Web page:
Népal | Land Portal
Earthquake Aftermath,Nepal, photo by SIM Central and South East Asia (CC BY-NC-SA 2.0).jpg

Le Népal est un petit pays enclavé situé entre l'Inde et la Chine. Ces dernières années, deux événements ont eu un impact majeur sur les questions foncières au Népal. Tout d'abord, le conflit de 1996-2006 visant à renverser la monarchie et à établir une République populaire. Entre autres impacts, la guerre a déplacé des centaines de milliers de personnes, a entraîné l'exode de nombreux jeunes et la nouvelle structure de gouvernance du pays à partir de 2006, organisée en sept. Ensuite, deux graves tremblements de terre en 2015 qui ont fait 8 700 morts, 25 000 blessés, détruit un demi-million de maisons et laissé 265 000 autres maisons temporairement inhabitables.

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17 janvier 2023
Népal
Global

Dans cet épisode du podcast LandUP !, nous avons voulu mieux comprendre un sujet largement inexploré : les droits fonciers des personnes handicapées. La Convention des Nations unies relative aux droits des personnes handicapées définit les personnes handicapées comme celles qui présentent des incapacités physiques, mentales, intellectuelles ou sensorielles durables dont l'interaction avec diverses barrières peut faire obstacle à leur pleine et effective participation à la société sur la base de l'égalité avec les autres.

©FAO/Robic Upadhayay | (CC BY-NC-ND 2.0 (link is external)) Grâce à des cultures résilientes face au
25 octobre 2023
Afrique
Amériques
Asie
Népal
Europe
Italie
Océanie

Le partenariat FAO-FVC vient de débloquer 1,2 milliard d’USD de financement pour des projets d’action climatique dans des pays en développement.

De jeunes plants de concombre dans la serre installée par Bimala grâce au Projet en faveur de l’adaptation des petits paysans des zones collinaires (ASHA) financé par le FIDA. © FIDA/Kaushal Shrestha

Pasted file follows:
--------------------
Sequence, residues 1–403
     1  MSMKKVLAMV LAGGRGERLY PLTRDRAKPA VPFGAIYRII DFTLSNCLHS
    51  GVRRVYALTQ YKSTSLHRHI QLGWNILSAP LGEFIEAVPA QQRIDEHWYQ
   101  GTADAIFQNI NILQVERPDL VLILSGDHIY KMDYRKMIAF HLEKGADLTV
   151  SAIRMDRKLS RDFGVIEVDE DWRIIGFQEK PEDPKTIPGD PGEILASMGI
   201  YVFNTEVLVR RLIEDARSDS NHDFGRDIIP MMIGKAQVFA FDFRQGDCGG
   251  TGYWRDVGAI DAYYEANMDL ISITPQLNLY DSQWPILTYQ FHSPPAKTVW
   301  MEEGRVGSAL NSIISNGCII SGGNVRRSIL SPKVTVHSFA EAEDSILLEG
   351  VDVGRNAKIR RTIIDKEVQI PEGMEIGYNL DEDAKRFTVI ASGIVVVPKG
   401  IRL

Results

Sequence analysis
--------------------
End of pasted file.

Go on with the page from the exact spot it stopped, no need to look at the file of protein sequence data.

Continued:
1 décembre 2022
Népal

Sur les hauteurs de l’Himalaya, dans l’ouest du Népal, se trouve Raskot, un village magnifique mais isolé, où le vent frais vous saisit. Les habitants gagnent leur vie grâce à l’agriculture, faisant pousser de tout, comme du riz et des légumes, sur des terrasses à flanc de montagne.

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Founded in 1993, Community Self-Reliance Centre (CSRC) has been at the forefront of land and agrarian rights campaign in Nepal. CSRC educates and organizes people who are deprived of their basic rights to land and empowers them to lead free, secure and dignified lives. Our programmes have focused on strengthening community organizations, developing human rights defenders, improving livelihoods and promoting land and agrarian reform on behalf of the land-poor farmers.

During the late 18th-early 19th centuries, the principality of Gorkha united many of the other principalities and states of the sub-Himalayan region into a Nepalese Kingdom. Nepal retained its independence following the Anglo-Nepalese War of 1814-16 and the subsequent peace treaty laid the foundations for two centuries of amicable relations between Britain and Nepal.

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Robyn Meeks is an Assistant Professor at the Sanford School of Public Policy at Duke University and a faculty affiliate of the Duke Energy Initiative.